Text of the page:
Vehicles swept away by powerful currents in northeastern city of Mashhad

Iran's Flood Catastrophe: Mismanagement Leads to Rising Death Toll

Saturday, 05/18/2024

The death toll in Iran's northeastern Khorasan Razavi province has reached 12, as floods sweep through the region, exacerbated by government mismanagement and flawed urban planning.

Officials have pledged accountability, but the public remains skeptical as the crisis exacerbates. The flooding, which began last Tuesday following intense rainfall, has inflicted severe damage across several areas in Mashhad and other provincial cities, with streets inundated and vehicles swept away by the powerful currents. Videos circulating on social media illustrate the chaos, with cars floating down waterlogged streets.

Criticism by citizens and experts has mounted against the "reckless and unprincipled environmental destruction" for construction purposes, and the ongoing mismanagement by city officials, pinpointed as the primary factors behind the flooding disaster in Mashhad.

A car submerged following flooding in Mashhad.

An eyewitness in Seyedi district, in the southeast of the city of Mashhad, which suffered the most damage from the flood, stated in a video that city officials were responsible by building a wall in the neighborhood. “During the recent flood, this wall broke like a dam, causing the floodwaters to flow through the area,” he added.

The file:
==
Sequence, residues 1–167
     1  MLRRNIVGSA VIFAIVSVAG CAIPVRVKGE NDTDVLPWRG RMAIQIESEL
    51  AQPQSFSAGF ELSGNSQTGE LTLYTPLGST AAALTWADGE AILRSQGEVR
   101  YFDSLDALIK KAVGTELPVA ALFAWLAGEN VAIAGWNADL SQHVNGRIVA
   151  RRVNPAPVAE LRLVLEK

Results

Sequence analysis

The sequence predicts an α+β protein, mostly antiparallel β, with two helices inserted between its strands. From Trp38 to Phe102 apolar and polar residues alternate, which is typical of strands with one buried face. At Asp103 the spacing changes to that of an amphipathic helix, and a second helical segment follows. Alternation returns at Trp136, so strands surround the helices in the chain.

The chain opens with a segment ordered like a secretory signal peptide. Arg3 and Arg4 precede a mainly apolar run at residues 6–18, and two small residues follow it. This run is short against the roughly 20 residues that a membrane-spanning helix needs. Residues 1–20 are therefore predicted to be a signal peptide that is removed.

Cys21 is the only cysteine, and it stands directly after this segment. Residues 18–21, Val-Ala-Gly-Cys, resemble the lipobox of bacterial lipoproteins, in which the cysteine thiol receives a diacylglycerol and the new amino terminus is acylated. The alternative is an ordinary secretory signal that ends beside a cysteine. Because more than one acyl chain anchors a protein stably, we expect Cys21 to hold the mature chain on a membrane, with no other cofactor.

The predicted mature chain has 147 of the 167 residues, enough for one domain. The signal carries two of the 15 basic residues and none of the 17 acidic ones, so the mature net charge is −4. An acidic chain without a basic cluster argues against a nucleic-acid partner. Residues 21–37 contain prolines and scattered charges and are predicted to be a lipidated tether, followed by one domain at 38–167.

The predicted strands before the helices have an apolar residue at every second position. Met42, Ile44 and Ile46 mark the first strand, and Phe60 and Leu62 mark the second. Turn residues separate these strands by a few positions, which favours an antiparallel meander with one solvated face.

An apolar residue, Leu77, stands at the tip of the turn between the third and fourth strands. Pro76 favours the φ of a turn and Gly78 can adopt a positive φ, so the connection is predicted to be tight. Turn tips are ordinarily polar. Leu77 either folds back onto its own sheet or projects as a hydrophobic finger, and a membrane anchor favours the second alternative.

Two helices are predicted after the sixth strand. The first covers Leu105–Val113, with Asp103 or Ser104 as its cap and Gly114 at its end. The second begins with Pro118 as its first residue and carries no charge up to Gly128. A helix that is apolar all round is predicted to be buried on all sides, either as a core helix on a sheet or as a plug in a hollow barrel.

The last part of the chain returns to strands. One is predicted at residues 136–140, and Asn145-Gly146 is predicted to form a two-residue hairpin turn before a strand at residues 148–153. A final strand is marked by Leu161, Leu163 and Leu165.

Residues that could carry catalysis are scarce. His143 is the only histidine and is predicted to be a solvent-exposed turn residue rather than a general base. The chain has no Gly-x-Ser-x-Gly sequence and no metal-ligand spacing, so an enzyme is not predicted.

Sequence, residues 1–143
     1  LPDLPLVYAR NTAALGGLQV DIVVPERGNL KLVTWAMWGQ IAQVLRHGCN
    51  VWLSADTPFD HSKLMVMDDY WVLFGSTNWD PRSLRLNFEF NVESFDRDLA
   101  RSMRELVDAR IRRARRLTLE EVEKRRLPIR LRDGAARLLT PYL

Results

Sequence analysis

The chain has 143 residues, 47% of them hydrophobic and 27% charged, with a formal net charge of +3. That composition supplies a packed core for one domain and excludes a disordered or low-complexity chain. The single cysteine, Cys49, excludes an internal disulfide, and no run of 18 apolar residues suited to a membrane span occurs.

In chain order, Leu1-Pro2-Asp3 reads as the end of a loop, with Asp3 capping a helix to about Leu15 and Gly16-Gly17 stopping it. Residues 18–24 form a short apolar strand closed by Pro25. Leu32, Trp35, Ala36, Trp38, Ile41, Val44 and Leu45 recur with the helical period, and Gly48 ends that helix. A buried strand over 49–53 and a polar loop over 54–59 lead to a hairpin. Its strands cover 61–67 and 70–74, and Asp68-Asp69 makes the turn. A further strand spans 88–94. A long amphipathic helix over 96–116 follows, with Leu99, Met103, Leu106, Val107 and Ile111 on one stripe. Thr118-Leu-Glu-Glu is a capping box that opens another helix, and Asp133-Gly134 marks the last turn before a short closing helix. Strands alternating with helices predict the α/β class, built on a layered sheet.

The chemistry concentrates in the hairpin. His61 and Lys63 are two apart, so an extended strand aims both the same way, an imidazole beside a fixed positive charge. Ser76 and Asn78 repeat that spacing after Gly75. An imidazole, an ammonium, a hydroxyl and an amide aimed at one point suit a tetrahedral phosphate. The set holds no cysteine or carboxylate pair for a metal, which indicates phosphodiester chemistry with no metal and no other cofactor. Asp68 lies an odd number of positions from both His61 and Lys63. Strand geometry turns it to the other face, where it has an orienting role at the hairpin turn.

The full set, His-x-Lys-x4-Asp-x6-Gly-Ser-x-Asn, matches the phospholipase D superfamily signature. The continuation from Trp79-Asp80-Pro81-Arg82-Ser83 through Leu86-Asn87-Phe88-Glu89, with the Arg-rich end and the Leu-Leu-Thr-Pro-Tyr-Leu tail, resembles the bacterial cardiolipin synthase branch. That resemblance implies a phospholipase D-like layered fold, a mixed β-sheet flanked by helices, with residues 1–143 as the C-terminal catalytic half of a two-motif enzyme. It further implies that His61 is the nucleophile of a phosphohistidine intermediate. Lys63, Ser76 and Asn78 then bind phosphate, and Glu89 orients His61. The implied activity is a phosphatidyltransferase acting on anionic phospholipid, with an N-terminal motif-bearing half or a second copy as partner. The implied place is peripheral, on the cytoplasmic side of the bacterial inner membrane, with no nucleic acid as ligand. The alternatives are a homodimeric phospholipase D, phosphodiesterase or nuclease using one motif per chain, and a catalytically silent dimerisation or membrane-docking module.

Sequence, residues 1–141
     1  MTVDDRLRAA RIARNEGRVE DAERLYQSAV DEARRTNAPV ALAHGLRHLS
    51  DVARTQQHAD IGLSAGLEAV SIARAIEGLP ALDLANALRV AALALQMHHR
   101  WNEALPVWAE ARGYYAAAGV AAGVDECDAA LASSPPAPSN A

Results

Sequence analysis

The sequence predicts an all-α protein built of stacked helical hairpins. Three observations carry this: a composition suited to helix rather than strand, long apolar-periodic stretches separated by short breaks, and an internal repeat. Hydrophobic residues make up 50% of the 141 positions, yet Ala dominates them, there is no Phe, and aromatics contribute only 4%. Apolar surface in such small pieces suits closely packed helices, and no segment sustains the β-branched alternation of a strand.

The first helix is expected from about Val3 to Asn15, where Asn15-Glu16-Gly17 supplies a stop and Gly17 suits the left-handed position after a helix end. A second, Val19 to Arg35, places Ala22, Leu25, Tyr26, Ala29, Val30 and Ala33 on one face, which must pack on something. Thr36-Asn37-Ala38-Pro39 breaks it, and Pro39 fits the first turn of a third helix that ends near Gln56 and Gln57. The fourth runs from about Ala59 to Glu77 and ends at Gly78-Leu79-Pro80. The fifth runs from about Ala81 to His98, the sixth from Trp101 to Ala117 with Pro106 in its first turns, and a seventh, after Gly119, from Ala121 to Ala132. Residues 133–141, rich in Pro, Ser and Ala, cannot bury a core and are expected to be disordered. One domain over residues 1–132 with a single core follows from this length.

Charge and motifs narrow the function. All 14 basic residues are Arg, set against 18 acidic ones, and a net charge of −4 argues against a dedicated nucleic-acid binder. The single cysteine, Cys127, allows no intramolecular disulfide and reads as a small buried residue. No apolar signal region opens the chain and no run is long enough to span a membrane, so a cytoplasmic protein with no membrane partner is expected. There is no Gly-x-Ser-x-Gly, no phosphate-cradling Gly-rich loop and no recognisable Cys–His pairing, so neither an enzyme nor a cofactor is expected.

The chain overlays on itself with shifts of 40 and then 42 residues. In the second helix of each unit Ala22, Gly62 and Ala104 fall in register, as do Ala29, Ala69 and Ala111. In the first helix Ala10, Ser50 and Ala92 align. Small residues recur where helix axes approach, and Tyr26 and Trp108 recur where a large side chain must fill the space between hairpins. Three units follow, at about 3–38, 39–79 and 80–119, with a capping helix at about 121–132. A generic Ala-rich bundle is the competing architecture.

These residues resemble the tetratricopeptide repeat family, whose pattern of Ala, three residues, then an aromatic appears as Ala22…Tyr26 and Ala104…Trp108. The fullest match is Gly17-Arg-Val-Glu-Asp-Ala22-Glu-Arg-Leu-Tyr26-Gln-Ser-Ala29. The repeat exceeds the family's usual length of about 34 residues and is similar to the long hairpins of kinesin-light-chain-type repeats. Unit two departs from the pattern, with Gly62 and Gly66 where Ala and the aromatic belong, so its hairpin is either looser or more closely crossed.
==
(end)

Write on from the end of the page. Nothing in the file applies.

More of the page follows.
The threat persists with meteorologists predicting more heavy rainfall, which could worsen the situation further.

Mashhad’s outdated and unstable urban infrastructure underscores the broader governmental failures that consistently endanger its residents.

Iran's second most populous city faces numerous challenges with deteriorating urban fabrics. These areas, which include old buildings and neighborhoods with inadequate infrastructure, have become worn due to insufficient attention and investment over time. Problems such as structural instability, lack of safety against natural disasters like earthquakes, and poor quality of life for residents have arisen.

The current crisis is reminiscent of the floods of April 2019, when heavy rainfall impacted vast areas across Iran, particularly in Golestan, Fars, Khuzestan, Lorestan, and several other provinces. During that period, Iran experienced three significant waves of rain and flooding over two weeks, affecting at least 26 of its 31 provinces. The catastrophic events resulted in the deaths of at least 70 people nationwide.

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